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Denominational Heritage
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Seventh-day Adventists have historically been against tradition as a source of religious authority, but as time goes on it appears that this may be changing. "Adventist heritage" is "absolutely foundational" or "very important...as a source of authority in worship and teaching" in the local church, report three out of four pastors and first elders in the Faith Communities Today (FACT) survey. Compared to all faiths across America, denominational heritage is much more important to Adventists as a source of religious authority.

Denominational heritage is not as important in Adventist churches as a source of religious authority as is the Bible, the Holy Spirit and the writings of Ellen G. White, but it is more important than human reason and understanding or personal experience and common sense. (See graph 5.2 in Adventist Congregations Today.) This could be seen as somewhat different than the view of the founders who saw "the Scriptures and plain reason" as the two most important sources of authority in preaching and teaching, to quote James White.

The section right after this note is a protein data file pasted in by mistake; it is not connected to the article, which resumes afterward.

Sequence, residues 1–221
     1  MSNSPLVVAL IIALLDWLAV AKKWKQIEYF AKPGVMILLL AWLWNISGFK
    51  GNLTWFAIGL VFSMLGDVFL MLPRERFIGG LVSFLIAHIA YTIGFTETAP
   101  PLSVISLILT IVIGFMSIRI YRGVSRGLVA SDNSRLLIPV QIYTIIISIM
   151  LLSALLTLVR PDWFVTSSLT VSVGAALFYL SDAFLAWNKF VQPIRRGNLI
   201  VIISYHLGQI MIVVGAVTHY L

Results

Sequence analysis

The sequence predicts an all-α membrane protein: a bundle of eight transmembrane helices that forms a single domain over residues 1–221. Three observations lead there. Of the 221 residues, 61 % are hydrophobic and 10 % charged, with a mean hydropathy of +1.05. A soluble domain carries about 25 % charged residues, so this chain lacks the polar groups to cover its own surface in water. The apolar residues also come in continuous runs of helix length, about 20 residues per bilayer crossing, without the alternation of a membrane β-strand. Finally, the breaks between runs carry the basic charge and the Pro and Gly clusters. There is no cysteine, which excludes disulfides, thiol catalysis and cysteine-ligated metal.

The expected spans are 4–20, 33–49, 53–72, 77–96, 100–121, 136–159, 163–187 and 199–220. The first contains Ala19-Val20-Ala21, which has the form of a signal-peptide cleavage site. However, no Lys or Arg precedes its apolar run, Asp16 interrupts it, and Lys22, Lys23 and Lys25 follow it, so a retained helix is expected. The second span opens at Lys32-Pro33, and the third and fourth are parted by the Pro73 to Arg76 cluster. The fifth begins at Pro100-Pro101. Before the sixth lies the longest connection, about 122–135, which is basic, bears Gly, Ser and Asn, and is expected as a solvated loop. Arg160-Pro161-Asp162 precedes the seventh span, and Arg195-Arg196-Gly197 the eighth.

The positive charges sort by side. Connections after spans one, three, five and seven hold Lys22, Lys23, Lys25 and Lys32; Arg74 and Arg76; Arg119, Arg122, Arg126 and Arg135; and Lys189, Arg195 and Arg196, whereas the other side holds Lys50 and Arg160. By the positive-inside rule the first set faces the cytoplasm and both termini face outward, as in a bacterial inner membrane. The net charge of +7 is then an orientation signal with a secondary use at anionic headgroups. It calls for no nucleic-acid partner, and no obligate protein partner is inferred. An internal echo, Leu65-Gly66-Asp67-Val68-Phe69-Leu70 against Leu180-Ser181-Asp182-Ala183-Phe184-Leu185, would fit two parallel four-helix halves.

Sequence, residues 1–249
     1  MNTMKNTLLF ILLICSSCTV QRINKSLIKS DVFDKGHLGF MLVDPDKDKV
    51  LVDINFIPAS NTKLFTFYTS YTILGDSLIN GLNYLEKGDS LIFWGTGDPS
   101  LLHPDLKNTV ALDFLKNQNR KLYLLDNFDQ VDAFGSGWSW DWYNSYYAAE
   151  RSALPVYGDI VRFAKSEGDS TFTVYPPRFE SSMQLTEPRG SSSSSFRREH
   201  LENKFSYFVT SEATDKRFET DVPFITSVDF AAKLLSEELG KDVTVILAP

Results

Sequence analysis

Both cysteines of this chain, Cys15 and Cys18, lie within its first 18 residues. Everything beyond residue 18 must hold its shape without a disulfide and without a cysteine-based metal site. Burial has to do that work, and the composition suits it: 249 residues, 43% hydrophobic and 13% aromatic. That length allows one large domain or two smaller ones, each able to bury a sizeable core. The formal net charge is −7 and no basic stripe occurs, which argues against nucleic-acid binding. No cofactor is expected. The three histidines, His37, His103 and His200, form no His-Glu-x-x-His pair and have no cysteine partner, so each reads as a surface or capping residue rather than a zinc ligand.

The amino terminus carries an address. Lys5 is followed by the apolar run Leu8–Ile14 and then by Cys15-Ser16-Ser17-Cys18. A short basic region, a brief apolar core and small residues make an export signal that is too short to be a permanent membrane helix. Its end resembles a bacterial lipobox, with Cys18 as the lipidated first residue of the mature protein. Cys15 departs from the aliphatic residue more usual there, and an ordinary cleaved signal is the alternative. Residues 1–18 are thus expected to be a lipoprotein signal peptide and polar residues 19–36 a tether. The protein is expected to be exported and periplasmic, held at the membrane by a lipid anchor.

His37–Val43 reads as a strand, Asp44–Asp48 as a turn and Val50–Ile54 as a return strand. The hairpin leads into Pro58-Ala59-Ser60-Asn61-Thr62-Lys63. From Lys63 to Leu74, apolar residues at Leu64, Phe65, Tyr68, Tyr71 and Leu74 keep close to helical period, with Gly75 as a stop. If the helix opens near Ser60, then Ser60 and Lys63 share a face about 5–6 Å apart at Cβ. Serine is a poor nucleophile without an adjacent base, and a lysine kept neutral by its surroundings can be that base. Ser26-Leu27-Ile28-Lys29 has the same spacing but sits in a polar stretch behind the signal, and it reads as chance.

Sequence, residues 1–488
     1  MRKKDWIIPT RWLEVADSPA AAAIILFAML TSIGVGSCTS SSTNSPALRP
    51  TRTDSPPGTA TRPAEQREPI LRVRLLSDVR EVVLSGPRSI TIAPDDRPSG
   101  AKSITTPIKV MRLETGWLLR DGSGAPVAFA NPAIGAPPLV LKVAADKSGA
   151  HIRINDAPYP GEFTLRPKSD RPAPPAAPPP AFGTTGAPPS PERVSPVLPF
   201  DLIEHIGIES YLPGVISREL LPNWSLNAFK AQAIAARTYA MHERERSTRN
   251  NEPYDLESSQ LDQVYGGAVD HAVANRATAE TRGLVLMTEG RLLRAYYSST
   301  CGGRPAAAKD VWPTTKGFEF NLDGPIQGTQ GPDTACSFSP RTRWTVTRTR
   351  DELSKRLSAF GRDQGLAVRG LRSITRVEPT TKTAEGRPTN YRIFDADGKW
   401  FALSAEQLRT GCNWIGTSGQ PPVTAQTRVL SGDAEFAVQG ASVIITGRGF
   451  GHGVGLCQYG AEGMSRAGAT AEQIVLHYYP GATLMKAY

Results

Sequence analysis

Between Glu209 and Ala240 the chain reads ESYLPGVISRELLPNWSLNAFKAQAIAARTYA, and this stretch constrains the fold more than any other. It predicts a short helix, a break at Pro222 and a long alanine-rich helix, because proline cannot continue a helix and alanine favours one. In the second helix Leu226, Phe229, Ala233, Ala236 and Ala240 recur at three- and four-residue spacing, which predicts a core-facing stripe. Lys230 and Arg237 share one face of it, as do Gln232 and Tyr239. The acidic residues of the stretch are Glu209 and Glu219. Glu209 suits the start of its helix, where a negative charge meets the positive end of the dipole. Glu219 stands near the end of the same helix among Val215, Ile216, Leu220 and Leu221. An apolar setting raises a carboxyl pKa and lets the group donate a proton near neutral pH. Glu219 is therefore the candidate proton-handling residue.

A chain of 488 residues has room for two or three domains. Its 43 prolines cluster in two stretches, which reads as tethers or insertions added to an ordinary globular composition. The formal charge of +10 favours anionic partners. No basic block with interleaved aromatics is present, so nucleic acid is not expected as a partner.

Clearly, there is a strong sense of Adventist heritage in almost all of our congregations. Only 3% of local churches in the U.S. consider Adventist heritage as having little or no importance. 

Discussion Questions:

1. How important is Adventist heritage as a source of authority in the worship and teaching of our congregation: absolutely foundational, very important, somewhat important, or of little or none?

2. Is Adventist heritage more or less important than the Bible, the Holy Spirit, Ellen White's writings, human reason and understanding, or personal experience and common sense?

3. Does "Adventist heritage" mean the same thing as "tradition" in the Adventist Church?

4. Are you comfortable with the extent to which our denominational heritage or tradition is used as a source of religious authority in our congregation?

5. How can we help our members better understand the roles of the Bible, the Holy Spirit, Ellen White's writings, human reason and understanding, or personal experience and common sense in making decisions about doctrine and practices in the church?

New FACT Information, Center for Creative Ministry